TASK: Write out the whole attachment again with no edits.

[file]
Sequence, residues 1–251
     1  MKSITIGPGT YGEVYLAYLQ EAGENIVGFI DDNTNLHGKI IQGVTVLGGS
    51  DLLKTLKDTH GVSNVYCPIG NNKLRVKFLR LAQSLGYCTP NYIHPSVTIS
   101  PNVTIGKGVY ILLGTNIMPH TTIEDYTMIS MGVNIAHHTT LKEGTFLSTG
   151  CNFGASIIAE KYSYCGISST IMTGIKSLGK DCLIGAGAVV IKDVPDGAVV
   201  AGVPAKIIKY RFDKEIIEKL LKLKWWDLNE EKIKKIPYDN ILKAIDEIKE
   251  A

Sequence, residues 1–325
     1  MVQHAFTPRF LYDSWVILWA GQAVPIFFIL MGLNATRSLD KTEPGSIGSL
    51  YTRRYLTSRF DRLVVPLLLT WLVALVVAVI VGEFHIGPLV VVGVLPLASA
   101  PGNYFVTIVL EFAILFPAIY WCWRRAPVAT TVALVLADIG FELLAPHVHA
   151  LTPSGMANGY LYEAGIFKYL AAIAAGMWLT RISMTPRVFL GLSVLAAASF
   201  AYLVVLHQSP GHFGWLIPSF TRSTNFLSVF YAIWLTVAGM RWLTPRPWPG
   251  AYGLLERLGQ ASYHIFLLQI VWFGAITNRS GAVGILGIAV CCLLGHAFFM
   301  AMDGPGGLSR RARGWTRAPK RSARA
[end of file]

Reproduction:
Sequence, residues 1–251
     1  MKSITIGPGT YGEVYLAYLQ EAGENIVGFI DDNTNLHGKI IQGVTVLGGS
    51  DLLKTLKDTH GVSNVYCPIG NNKLRVKFLR LAQSLGYCTP NYIHPSVTIS
   101  PNVTIGKGVY ILLGTNIMPH TTIEDYTMIS MGVNIAHHTT LKEGTFLSTG
   151  CNFGASIIAE KYSYCGISST IMTGIKSLGK DCLIGAGAVV IKDVPDGAVV
   201  AGVPAKIIKY RFDKEIIEKL LKLKWWDLNE EKIKKIPYDN ILKAIDEIKE
   251  A

Sequence, residues 1–325
     1  MVQHAFTPRF LYDSWVILWA GQAVPIFFIL MGLNATRSLD KTEPGSIGSL
    51  YTRRYLTSRF DRLVVPLLLT WLVALVVAVI VGEFHIGPLV VVGVLPLASA
   101  PGNYFVTIVL EFAILFPAIY WCWRRAPVAT TVALVLADIG FELLAPHVHA
   151  LTPSGMANGY LYEAGIFKYL AAIAAGMWLT RISMTPRVFL GLSVLAAASF
   201  AYLVVLHQSP GHFGWLIPSF TRSTNFLSVF YAIWLTVAGM RWLTPRPWPG
   251  AYGLLERLGQ ASYHIFLLQI VWFGAITNRS GAVGILGIAV CCLLGHAFFM
   301  AMDGPGGLSR RARGWTRAPK RSARA